In 1978 the Grand Prix of Canada came to Montreal, where it was run on a man-made island in the middle of the St. Lawrence River, the site of the 1967 Expo and the 1976 Summer Olympic Games.
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In 1982 the circuit was renamed in honour of Gilles Villeneuve, the very popular Canadian driver, who died during practice for the Belgium GP that year and who had won the first F1 race held on the Isle Notre Dame circuit in 1978. Because of its excellent infrastructure, it is a popular event on the Formula One calendar.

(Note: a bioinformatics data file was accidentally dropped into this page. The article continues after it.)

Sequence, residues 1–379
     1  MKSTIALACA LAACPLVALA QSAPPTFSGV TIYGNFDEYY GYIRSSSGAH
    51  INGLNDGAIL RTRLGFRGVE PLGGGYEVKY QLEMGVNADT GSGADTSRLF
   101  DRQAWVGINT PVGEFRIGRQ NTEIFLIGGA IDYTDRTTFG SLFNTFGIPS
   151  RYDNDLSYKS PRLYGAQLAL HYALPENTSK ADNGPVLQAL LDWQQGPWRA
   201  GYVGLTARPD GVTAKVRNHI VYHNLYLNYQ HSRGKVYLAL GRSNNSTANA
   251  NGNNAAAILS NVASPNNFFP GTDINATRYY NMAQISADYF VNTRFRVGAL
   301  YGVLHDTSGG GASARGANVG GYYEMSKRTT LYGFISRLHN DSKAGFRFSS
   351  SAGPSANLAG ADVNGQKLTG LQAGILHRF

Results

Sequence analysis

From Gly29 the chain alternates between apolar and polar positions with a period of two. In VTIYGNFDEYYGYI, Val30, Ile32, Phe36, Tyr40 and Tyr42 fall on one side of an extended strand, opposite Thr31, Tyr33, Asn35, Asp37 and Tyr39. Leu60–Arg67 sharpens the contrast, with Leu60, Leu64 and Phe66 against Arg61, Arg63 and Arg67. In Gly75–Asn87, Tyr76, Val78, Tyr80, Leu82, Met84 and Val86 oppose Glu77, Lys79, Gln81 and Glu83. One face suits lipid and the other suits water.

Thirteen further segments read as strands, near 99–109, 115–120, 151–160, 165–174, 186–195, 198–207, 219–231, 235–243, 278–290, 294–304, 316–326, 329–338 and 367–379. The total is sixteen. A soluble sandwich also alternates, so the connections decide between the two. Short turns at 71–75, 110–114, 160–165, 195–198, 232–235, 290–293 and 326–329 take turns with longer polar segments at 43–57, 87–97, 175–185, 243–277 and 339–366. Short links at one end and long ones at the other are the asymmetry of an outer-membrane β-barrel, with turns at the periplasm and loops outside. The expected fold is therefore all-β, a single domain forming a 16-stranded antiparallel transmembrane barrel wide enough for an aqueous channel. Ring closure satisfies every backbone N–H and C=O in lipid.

It is a mix of slow and rapid corners with a very long straight which demands a lot of the engines. However, its layout is popular with drivers because it is one of the few GP tracks where overtaking is possible, and the annual stopover in Canada remains one of the most popular with the F1 circus. The track has been modified a several times in the past, involving minor re-profiling of some corners on safety grounds.